[VIEWPOINT]Defector issue won’t go away

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[VIEWPOINT]Defector issue won’t go away

The gap between the North Korean defector policy of the United States and of South Korea is going to grow even wider, since Chung Dong-young, the unification minister, made a de facto apology to North Korea over Seoul’s airlifting of 468 North Korean defectors from a Southeast Asian country on July 27-28. Mr. Chung went even further, to demand that relief organizations that help North Korean defectors refrain from inducing or encouraging North Koreans to defect, since such activities didn’t fit in with Seoul’s reconciliation policy toward North Korea. Mr. Chung’s remarks at Sunday’s press conference were echoed by Foreign Minister Ban Ki-moon on Monday. Mr. Ban was quoted by the local press as having implied the possibility of government rejection of the entry into South Korea of a group of defectors guided by non-governmental organizations.
Seoul’s sudden shift in defector policy, which came 20 days after the airlifting of 468 defectors from a Southeast Asian country, has to do with the barrage of verbal attacks from the North accusing the South of abduction. The North is reportedly even threatening to use terrorism against the South in retaliation. The South Korean intelligence agency has issued a warning to Koreans who travel to Southeast Asian countries or work for Korean relief organizations to be on alert against possible North Korean terror attacks.
On the other hand, the United States is expected to come up with a strong policy aimed at enhancing human rights awareness among North Koreans and inducing an exodus from North Korea. The U.S. House of Representatives passed the North Korean Human Rights Act of 2004 on July 21. The law authorizes the U.S. president to provide assistance to organizations that help North Korean refugees, defectors and orphans outside of North Korea. It also ensures that North Koreans are eligible for refugee status or asylum in the United States. The Senate is expected to combine the human rights initiative of the House with its North Korea Freedom Act.
When the new law is implemented next year, the number of defectors along the Chinese border could increase greatly. And already active non-governmental organizations will gather along the Chinese border with North Korea to help defectors. The rush of North Korean refugees, international attention on the influx of freedom seekers and Washington’s request for cooperation on humanitarian grounds will put Beijing, which has implemented a policy of “arrest and forced deportation” of North Korean defectors so far, in an awkward position.
South Korea has been using “silent diplomacy” as its guideline for the North Korean defector issue. In essence, Seoul is afraid of annoying the North, lest the bigger policy goal of reconciliation be disturbed. Seoul has been arguing that “silent diplomacy” serves better for the Chinese government to take favorable action on defectors and provides defectors with better chances of escape from the North by keeping North Korean alertness along the border at a low level.
The combination of the “silent diplomacy” of Seoul and the “arrest and forced deportation” policy of Beijing has resulted in gross human rights infringements on North Korean defectors. The number of defectors who crossed the Chinese border in the past 10 years is estimated at around 300,000, according to international relief organizations. But those who have succeeded to make their way to Seoul are less than 5,000. The others are mostly hiding in remote areas of China suffering from extreme human rights violations ― forced labor, prostitution, deprivation and violence.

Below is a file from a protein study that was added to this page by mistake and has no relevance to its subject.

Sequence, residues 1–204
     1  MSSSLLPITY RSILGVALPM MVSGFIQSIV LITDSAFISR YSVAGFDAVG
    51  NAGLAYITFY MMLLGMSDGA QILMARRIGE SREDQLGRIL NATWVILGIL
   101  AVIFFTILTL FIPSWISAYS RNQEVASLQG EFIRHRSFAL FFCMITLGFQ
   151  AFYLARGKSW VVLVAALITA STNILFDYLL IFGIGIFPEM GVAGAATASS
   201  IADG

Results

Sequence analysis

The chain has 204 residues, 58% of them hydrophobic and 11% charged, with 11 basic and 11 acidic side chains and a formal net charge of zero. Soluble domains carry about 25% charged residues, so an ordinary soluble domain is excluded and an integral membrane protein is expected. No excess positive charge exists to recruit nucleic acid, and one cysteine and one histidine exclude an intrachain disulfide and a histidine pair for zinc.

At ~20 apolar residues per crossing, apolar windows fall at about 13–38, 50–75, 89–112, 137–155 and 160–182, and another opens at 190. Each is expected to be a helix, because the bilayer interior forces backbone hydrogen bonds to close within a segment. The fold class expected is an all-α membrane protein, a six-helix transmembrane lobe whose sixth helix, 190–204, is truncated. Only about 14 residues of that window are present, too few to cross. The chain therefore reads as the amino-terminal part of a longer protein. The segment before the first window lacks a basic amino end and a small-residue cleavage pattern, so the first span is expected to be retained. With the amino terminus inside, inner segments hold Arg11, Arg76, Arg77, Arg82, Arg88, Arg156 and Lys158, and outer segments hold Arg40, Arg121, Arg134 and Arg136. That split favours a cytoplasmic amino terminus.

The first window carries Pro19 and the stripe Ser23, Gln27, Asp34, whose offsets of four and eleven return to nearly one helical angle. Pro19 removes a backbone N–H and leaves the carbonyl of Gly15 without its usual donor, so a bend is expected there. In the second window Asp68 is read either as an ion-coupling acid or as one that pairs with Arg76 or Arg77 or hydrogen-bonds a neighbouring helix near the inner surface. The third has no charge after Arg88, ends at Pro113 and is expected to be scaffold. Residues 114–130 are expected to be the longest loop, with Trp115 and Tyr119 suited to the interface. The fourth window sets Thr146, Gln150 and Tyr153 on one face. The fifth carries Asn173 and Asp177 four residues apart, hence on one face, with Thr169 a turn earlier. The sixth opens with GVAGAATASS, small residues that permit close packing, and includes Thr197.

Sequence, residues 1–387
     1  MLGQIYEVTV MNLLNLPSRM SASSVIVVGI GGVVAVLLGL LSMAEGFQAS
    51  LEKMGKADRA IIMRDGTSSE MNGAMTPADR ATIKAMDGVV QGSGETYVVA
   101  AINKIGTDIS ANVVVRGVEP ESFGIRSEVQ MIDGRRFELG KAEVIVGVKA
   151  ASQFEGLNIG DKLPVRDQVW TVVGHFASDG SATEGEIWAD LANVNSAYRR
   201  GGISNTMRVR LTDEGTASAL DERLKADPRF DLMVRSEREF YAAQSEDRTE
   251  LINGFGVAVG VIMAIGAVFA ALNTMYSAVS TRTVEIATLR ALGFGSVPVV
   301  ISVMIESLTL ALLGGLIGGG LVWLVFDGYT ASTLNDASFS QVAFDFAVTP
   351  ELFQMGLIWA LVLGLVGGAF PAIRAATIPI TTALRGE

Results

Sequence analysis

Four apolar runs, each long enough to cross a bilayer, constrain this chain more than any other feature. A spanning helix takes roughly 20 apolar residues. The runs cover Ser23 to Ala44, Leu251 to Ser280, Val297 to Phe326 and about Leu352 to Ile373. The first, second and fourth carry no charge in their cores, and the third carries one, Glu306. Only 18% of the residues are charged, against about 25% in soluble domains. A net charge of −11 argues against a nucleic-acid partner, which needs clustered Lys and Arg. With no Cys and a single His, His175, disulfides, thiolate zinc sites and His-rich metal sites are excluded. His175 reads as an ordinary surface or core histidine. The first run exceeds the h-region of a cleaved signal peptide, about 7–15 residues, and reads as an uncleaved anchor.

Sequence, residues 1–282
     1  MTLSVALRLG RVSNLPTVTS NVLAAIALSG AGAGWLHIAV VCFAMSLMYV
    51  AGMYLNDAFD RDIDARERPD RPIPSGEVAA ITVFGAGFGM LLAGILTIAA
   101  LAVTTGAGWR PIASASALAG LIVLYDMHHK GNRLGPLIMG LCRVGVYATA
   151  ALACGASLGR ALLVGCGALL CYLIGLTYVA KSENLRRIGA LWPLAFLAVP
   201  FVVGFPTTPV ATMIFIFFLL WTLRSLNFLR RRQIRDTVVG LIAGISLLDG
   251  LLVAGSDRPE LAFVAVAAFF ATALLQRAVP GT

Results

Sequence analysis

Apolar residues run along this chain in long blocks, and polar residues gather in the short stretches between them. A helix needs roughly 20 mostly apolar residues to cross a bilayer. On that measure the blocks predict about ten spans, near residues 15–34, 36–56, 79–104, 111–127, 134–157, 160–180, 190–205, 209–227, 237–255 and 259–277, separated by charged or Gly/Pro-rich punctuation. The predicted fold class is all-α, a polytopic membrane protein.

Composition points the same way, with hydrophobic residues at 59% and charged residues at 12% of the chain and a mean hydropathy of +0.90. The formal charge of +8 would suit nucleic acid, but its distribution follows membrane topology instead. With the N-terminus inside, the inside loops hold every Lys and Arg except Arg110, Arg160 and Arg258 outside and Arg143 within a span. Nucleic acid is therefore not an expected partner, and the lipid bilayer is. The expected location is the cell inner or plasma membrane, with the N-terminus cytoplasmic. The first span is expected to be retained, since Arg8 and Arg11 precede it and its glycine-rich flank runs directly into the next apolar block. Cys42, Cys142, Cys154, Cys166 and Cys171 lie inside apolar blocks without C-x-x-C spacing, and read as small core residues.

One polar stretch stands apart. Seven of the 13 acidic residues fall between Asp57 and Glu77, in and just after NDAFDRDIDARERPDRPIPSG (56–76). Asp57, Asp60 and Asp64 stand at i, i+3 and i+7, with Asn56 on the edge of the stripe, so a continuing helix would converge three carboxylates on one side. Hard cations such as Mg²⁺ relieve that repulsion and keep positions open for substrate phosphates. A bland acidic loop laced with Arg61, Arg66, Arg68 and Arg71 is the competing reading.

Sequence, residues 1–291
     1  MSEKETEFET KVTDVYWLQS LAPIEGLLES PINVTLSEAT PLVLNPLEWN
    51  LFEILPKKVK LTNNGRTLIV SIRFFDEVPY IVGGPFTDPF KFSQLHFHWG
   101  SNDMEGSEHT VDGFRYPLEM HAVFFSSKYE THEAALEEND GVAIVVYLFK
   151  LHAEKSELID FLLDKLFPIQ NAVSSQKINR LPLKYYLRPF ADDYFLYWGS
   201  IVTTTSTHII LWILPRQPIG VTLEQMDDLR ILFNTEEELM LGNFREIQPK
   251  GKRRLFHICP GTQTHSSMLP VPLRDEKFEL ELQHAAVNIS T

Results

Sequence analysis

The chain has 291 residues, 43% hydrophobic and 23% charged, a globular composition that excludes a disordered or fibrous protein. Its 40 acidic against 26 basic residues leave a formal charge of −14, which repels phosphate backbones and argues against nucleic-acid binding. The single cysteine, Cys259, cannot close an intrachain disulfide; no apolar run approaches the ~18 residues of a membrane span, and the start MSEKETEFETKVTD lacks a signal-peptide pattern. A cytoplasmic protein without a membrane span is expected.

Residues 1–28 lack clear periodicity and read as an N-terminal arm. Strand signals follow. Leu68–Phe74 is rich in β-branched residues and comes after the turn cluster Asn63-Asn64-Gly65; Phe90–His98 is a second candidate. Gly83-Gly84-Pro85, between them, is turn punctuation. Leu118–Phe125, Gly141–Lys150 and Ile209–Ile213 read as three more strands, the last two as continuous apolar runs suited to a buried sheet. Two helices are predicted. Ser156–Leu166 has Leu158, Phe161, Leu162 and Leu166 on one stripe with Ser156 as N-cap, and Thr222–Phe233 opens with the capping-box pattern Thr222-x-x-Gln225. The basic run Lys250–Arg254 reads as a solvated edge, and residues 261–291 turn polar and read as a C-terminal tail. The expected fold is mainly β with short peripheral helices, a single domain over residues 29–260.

If South Korea wanted to protect defectors’ human rights without annoying the North, it could have tried to adopt the German model. There was an example of East and West Germany before unification in which the West paid compensation to the East in exchange for a number of East German refugees. But international opinion will not be favorable to applying the German model to North Korean defectors at this stage. If it were before the issue had risen to international attention, the two Koreas could have made such an under-the-table deal between themselves. It is no longer an issue limited to the two Koreas and China. It has become an international issue.
Now, Seoul must let Pyeongyang acknowledge that the North can no longer deny the fact that a large number of its residents escape the country, and that Seoul can no longer keep silent on it. Then, Seoul must review existing defector settlement programs and improve them drastically, establishing networks of cooperation with Beijing and Washington. The government should also establish cooperative relations with non-governmental relief organizations, instead of demanding that they refrain from helping defectors.
The best solution to the defector issue, however, is making North Koreans satisfied with their lives in the North. If there are chances for North Koreans to work in South Korean factories in the North, many North Koreans would prefer to stay home than to defect and risk their lives.
In the long run, the South should persuade the North to resolve the nuclear issue and promote active economic cooperation programs with the South, creating industrial complexes like the Gaeseong industrial project in Nampo, Hamhung and Sineuju. Both Koreas can also create industrial cities inside the Demilitarized Zone where North Koreans would work together with South Koreans. Ultimately, the North should allow exchanges of communication, passage and trade between the two Koreas. That would be the ultimate solution to the defector issue.

* The writer is the opinion page editor of the JoongAng Daily.


by Park Sung-soo

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